The Indian Rebellion on 1857
The Indian rebellion of 1857 was one of much needed self respect, and of pride. The Indian people at this time were being
Political and social reform in India was achieved as a result of the European political principles brought to India by the British. Indians were Anglicized, and the British ideal for an Indian was to be “Indians in blood and color, but English in tastes, opinions and intellect”, as put by one British legislator (Rich, 214, 1979). This Western education inevitably led to well-read Indians encountering European principles such as human rights, freedoms of speech, travel and association, and liberalism. This was in direct contrast to the imperialism practiced by the British in India and to the Indian experience – one third of the subcontinent was ruled by Indian princes under British supervision, and the rest was directly controlled by the Viceroy and administered by about one thousand members of the civil service, all of them English (Rich, 215, 1979). This knowledge of principles such as autonomy and freedom naturally led to many Indians desiring this for their own nation, understandable since it appeared that the world’s greatest and most powerful nations were self-governing democracies, and this system was obviously successful.
Part of the newfound desire for freedom experienced by many Indians was the desire for native religion and customs to be respected. It is widely accepted that the Indian mutiny of 1857 was at least partly generated by Indian resentment of British interference in Hindu customs. Indian soldiers in the army were required to bite the ends off gun cartridges that contained pig fat and cow fat, which offended both Muslims and Hindus. When troops refused to use the cartridges, “eighty sepoys were thrown into gaol for disobedience, an act which finally triggered the uprising.” (Richards, 301, 1994). This showed a great lack of cultural and religious sensitivity on the part of British officers. Although the mutiny was put down quickly, it shook British confidence in their power, and resulted in tighter control of their hold on India. This in turn led to further resentment of British imperialism, and claims that military regulations were an attempt by the British to destroy the traditional caste system. (Richards, 301, 1994). In believing so vehemently that the British system was superior to the far inferior Hindu traditions, the British officers were essentially contravening the ideals of freedom that were an important element of the Western European political principles that they so wanted to instill in the Indian peoples.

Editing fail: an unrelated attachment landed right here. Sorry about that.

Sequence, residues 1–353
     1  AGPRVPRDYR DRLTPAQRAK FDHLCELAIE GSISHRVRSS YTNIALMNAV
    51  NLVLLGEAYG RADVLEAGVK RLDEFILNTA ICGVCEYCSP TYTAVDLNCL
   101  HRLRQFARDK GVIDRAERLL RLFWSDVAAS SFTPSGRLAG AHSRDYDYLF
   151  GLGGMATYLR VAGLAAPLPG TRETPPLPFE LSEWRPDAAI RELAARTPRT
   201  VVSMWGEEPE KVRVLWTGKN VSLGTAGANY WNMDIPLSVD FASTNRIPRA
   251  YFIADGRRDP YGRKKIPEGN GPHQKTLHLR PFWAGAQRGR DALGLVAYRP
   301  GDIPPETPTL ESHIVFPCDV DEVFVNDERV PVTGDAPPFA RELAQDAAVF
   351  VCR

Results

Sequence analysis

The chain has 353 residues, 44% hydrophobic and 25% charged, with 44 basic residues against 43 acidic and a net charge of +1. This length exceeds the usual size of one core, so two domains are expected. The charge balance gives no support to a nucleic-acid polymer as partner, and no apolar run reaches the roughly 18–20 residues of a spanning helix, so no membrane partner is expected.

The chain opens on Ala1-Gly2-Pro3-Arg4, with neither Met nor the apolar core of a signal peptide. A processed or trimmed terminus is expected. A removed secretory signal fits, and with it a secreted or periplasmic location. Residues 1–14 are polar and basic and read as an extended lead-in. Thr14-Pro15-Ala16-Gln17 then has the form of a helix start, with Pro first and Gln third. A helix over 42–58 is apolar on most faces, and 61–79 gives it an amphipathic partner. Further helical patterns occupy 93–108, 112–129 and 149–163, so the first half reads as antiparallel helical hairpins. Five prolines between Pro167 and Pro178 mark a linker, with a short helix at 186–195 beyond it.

Following the Mutiny of 1857, Indian nationalism gained much more momentum than had previously existed in the first part of the century. This movement consisted mostly of British-educated intellectuals, and ironically was made possible by the British encouragement of higher education, originally intended to create a middle management that could carry out simple administration jobs. Most of the Indian nationalists – most notably Ghandi – were educated in Western Europe and were well read in Western notions of freedoms, civil liberties and autonomy. The Indian National Congress was the largest and most obvious nationalist group, formed so that “educated Indianscould express dissatisfaction with the British colonial administration and suggest reforms.” (Cowie, 36, 1994) This Congress, however, had no power in terms of action and it can be seen as an attempt by the British to appease Indian nationalists who wanted progress. The seeming uselessness of the Indian National Congress in terms of enforcing changes and reforms can be seen as a great cause of Indian resentment of British nationalism. Even so, a nationalist organisation such as this would not have been possible had it not been for the fact that the British acquainted a group of Indians with European political principles (Cowie 27, 1994).
The Indian Rebellion on 1857